Fresh Year, Fresh Eyes

I have been teaching middle school for a long time, but it never fails to make me smile when the following happens at a dinner party:

“What is it that you do?” asks a completely genuine person after they have told me of their grand office adventures.

“I teach (a smile starts to turn up the corner their lips)…. middle school” (smile transforms into awkward grimace). I am always intrigued by the shift in smile as it crosses the person’s face, I can’t help it. What is in that shift? A recalling of their own painful middle school years? A flash of sitting alone at lunch, head-gear on the table next to their institutional green tray? The aftereffects of what this unique age and stage represents in a person’s life fascinates me.

I also relish it because inevitably the person stumbles for words and then says something to the effect, “I could never do that.” One woman even exclaimed, “You must have a secret super human power!”

“Oh, I do!” I replied, “ I have no sense of smell!”

Fast-forward to 2018. My New Year’s Resolution is well underway. I have changed my diet drastically, eliminated my allergies and now… I can smell! I have lost my super human power and I am experiencing the world through a fresh set of nostrils.

Morning math class, Struggling Student, with serious math woes that compare nothing to his home-life woes, comes up for help. A wave of alcohol stench beats him to my desk. What?! This is middle school! He has been drinking? When? Where? Did he come to school this way? Even before he opens his mouth to speak, I have a mental plan to be in the office with this student and the principal. I help him find “X”. I eye him intensely as he ambles back (unsteadily?) to his desk.

I reach for the phone to call the principal. Sweet Girl, the class peach, walks up. Again, a cloud of alcohol fumes wafts towards me. What? Not Sweet Girl…not the class peach! What is going on? I stand up, walk around my desk and survey the room.

It is flu season and a big, green bottle of hand sanitizer has been placed by the sink. Yes! Whew! I do not have a class of prepubescent drunkards…I have a class of rightful germophobes!

And then it hits me. I had quickly jumped to judge Struggling Student as wayward child, while it took Sweet Girl’s presumed innocence to make me go upstream and seek the truth. My conscience slunk into my gut and sat down hard. I never wanted to know I could be that kind of teacher – the kind who falls prey to the Pygmalion Effect.

I clearly recall sitting in my teacher prep classes in college and learning about the Pygmalion Effect. This concept was presented by Dr. Rosenthal in the 1960s and holds that teachers’ expectations of students greatly influences their learning and behaviors. Dr. Rosenthal found that when teachers were told their students were on the brink of a massive intellectual blooming, their IQs did indeed rise over the course of the school year. The kicker? All were truly just average students. The Pygmalion Effect has been supported by numerous studies since it was first discovered.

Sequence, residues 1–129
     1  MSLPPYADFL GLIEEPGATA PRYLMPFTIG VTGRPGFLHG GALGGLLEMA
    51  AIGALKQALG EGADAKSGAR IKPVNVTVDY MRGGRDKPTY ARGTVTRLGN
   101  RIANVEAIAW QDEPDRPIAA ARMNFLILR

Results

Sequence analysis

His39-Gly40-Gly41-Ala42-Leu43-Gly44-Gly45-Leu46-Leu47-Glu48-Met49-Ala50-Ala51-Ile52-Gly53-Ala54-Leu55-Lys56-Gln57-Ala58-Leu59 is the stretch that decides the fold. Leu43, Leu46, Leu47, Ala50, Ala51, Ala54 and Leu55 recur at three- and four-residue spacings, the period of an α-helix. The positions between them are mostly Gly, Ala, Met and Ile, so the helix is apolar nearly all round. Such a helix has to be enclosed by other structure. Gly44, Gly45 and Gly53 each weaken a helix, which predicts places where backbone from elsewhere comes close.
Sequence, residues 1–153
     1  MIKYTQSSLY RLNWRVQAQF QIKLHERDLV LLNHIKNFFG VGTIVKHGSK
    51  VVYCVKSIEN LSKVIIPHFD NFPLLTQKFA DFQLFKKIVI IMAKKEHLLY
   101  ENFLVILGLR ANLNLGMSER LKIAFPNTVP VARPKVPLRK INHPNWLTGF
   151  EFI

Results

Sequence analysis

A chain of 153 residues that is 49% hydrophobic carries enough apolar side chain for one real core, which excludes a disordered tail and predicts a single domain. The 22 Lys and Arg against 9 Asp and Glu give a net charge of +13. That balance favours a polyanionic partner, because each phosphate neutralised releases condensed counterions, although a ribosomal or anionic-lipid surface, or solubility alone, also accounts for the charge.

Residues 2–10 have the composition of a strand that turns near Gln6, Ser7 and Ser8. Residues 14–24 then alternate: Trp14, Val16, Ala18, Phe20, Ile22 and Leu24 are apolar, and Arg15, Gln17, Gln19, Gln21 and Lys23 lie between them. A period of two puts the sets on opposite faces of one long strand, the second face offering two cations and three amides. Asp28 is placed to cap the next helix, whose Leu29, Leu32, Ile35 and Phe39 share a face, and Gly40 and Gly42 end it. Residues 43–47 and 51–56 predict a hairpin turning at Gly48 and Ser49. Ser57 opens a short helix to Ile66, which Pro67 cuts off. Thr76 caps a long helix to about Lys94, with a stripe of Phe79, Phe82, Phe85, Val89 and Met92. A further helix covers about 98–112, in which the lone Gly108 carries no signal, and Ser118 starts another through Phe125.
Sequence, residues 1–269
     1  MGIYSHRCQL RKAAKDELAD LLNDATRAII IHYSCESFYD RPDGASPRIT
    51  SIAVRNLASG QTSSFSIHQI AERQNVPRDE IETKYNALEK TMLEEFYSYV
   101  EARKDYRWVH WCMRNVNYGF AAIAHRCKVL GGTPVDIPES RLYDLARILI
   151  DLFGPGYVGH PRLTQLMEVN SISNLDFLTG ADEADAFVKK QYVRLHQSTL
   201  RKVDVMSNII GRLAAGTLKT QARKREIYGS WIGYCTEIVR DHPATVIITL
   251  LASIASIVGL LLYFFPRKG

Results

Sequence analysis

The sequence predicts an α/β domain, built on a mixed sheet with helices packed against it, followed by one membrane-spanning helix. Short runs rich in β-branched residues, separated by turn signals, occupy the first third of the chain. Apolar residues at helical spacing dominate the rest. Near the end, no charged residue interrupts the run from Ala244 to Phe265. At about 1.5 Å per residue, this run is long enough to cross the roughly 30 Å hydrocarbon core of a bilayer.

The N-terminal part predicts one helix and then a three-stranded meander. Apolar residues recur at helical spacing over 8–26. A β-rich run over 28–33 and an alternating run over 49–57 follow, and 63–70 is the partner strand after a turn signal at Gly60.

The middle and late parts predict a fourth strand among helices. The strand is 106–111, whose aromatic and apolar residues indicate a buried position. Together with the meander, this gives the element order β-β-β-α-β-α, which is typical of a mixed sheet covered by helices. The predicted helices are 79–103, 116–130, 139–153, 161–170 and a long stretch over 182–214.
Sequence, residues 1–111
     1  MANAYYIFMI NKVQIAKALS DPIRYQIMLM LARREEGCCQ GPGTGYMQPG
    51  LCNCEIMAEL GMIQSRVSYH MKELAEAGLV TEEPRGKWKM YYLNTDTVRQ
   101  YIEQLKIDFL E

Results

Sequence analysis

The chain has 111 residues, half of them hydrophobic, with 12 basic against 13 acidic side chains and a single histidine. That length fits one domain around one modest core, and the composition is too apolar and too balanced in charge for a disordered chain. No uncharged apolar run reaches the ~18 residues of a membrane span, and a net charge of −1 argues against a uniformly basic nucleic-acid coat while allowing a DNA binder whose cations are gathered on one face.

I was a Pygmalion Effect participant. I was not happy, nor was I proud about that. How had I come to this? More importantly, how could I improve my thinking?

So many data points track our students year-to-year, classroom-to-classroom: Response to Intervention data, state test scores, in-district test scores, behavioral referrals and IEPs are just a few. Most are aligned to statewide policies that require teachers to review, analyze and adjust their instruction for improvement. I cannot help but wonder what effect this information has on a teacher’s subconscious mind as she participates in a thousand little interactions with each student over the course of the year. It is very easy to see how I could have come to this; how any teacher can come to this.

How can I improve? How can any teacher improve? In all honestly, I feel like I am a very fair and equitable teacher. I keep mental track of whom I have called on, I am careful in my praise to ensure students know they their efforts are meaningful. I am cognizant of each student’s abilities as I prepare materials that will push each child to the high end of their Zone of Proximal Development. And yet, those are all very conscious choices I am aware of. What about my unconscious actions? My implicit biases? Perhaps I “feel” like a fair and equitable teacher, but do I subconsciously think like one?

I am intrigued by the work of Dr. Pianta in this area. He experimented with an intensive behavioral training program which provided teachers with a whole new set of teaching responses surrounding student behavior. A quick review of his work gave me a series of, “Aha” moments. In essence, he found that teachers who undertook skills-based training to ameliorate unconscious biases actually increased student learning for all of their students. Many of my students come from deep poverty and face many struggles in their daily lives. Interactions with their teacher should not be one of them. Most of the time, I am keenly aware of this; my moment was an eye-opener for me. I realized I needed to do everything in my conscious AND unconscious power to ensure this to be true ALL the time; throughout all those thousands of little interactions that grow students’ belief about themselves.

My New Year’s Resolution has found me experiencing the world through a fresh, new set of nostrils. I have added to my resolution to view my students through a fresh, new set of eyes.

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